Some Washbourne researchers have assumed that because Samson of the Ernaldus charter and Sampson of Little Washbourne (documented in the ‘The Red Book of Worcester’) were contemporaries, that they must also be one and the same man; therefore Sampson of Little Washbourne was the Samson of the Ernaldus Charter and hence an Estham. The discovery of a passage in Regesta Anglo-Normannorum, 1066-1154, Vol.III, revealed that the father of Samson of Little Washbourne was not named William, rather he was a man named Godard. Therefore, Sampson of Little Washbourne was not the son of William de Estham.

    This conflation of beneficiary and witness, while in error, is one thing, but Mabel goes further. On page 28, she declares, without a shred of primary evidence, that Ernald de Powis was actually “Roger, son of Urse [d’Abitot]” in disguise! Wonderful story! But, there is absolutely no evidence at all that Ernaldus de Powis was also Roger d’Abitot. In fact, there is evidence that he was not.

    Because Mabel decided, all by herself, that Ernaldus was Roger d’Abitot and father of William de Estham and because we have the Washbourne names William, Samson, Roger (all common Norman names not unique to Washbournes) Mabel waves her magic wand and the Esthams become the Washbournes. But it is not true at all. Samson was the son of Godard. Case Closed.

    AJB

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  2. Anonymous says:

    Below, please find documentation for the first three generations holding land at Little Washbourne, Bredon, Oswaldslow Hundred, Worcestershire. Their names were Godard, Samson and William.

    Dated c. 1137-1139 Regista regum Anglo-Normannorum: Concedo et confirmo donationem Godardi et Samsonis filii ijus de decima de Wassebryna
    I grant and confirm the gift of Godard and Samson, his son, concerning the tithes of Little Washbourne.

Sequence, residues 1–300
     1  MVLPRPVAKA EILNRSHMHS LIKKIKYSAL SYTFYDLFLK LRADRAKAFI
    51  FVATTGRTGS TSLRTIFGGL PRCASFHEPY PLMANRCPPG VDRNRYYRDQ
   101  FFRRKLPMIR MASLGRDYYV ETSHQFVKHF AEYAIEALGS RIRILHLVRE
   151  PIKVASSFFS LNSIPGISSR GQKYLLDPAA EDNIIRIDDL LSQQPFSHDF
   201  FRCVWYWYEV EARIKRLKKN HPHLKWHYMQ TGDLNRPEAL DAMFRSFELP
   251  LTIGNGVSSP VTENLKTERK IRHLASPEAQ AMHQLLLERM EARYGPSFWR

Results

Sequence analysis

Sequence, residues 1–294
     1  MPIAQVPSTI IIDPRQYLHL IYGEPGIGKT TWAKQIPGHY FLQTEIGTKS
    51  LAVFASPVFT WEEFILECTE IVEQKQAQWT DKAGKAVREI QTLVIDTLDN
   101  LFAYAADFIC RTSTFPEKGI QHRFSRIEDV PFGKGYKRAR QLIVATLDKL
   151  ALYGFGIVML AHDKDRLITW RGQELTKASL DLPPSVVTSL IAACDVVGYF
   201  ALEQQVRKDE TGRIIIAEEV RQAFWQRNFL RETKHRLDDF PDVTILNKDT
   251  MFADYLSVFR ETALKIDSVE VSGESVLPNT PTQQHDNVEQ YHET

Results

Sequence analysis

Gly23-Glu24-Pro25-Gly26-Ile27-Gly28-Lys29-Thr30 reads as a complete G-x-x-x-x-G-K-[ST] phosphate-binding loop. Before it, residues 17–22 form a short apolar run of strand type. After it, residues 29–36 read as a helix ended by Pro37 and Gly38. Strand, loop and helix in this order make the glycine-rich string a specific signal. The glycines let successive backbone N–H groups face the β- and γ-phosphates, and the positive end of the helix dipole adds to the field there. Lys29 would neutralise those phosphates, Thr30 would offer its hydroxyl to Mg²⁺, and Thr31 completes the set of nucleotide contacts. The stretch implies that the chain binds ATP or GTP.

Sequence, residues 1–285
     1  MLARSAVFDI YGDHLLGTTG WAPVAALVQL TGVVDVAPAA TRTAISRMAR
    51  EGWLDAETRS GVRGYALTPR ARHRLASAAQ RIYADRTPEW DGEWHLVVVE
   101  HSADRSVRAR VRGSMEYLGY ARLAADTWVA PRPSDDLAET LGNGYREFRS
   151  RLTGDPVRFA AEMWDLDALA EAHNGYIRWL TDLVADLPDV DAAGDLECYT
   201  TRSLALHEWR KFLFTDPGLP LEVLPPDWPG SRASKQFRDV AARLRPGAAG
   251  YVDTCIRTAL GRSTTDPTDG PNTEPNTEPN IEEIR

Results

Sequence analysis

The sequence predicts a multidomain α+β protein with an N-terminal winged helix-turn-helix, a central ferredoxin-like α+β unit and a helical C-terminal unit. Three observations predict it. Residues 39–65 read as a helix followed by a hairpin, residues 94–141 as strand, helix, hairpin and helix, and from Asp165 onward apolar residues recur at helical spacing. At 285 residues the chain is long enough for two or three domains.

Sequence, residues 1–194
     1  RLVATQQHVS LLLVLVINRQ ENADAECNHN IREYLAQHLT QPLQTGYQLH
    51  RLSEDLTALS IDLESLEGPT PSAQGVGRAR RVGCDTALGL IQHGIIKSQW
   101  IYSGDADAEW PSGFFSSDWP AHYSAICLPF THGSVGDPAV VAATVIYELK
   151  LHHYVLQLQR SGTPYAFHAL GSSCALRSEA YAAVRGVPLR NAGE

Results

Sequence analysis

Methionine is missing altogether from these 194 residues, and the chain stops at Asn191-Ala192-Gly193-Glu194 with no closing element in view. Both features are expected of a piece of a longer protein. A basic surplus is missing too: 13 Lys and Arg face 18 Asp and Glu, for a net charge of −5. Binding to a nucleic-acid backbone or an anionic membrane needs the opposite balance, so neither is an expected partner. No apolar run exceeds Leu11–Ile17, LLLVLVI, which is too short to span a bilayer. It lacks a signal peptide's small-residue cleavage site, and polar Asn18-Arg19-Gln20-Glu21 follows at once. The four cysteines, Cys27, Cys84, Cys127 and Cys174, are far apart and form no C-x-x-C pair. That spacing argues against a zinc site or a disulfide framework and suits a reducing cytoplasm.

1163 Feoda William de Bello Campo (Beauchamp)
    …Wasseburne III h g et Samson de eo Samson is holding three hides in Little Washbourne of William de Beauchamp.

    1182 Liber Rubeus Bredon, Little Washbourne: …Willelmus filius Sampson in Wasseburne iii hidas geldant William the son of Samson is holding 3 hides in Little Washbourne.

    While these men were not yet using the surname de Washbourne, extensive, documented research into generations of land holdings strongly suggests that these men were the ancestors of the Armigerous de Washbourne family later seated at Stanford on Teme, Orleton and Wichenford.

    Nothing in the primary records suggests that these men were directly linked to anyone called ‘de Estham’ or d’Abitot. All of this is a fantasy first published in the 1953 book Washburn Family Foundations in Normandy, England and America by Mabel Thacher Rosemary Washburn. Mabel indulges in pure speculation with zero reference back to the primary records – i.e actual factual history. William the son of Samson appears to have been the father of the first recorded person to use the Washbourne surname. He was a Knight and Coroner of Worcestershire and his name was William de Washbourne. He died shortly before 1238/9. His son William held the Washbourne lands in Stanford on Teme and Orleton; William’s son Roger is the Sir Roger you have listed as #22 above. Roger was NOT a son of Samson de Estham, he was son and heir of the William de Washbourne of Stanford who died just prior to 1255. Court records prove this beyond a shadow of a doubt. Sir Roger was the father of his heir Sir John of Stanford (sometimes called de Defford). Sir John was the father of his 1st heir Sir Roger. Sir Roger’s son and heir John died sp and the fee reverted back to John’s uncle Peter. So your list should read as follows: 1. Godard 2. Samson 3. William 4. William de Washbourne Knight and Coroner of Worcestershire dead before 1238/9 5. William de Washbourne of Stanford 6. Roger de Washbourne of Stanford 7. John de Washbourne (This John’s first son and heir Roger’s first son and heir John died s.p. so the Washbourne line does not descend from him but rather from #8 his uncle Peter. 8. Peter de Washbourne 9. John de Washbourne 10. Norman de Washbourne 11. John de Washbourne died 1517 12. John de Washbourne died 1546 in Bengeworth, Worcestershire. Please see the next message box for a discussion of whether or not John of Bengeworth was the true son of John de Washbourne d. 1517. This lineage of 12 generations is the true lineage of the Washbournes of Worcestershire based upon a close study of the primary records, to date. I hope that you will consider changing your web site to reflect the true facts and not fantasies. ajb

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  3. AJB says: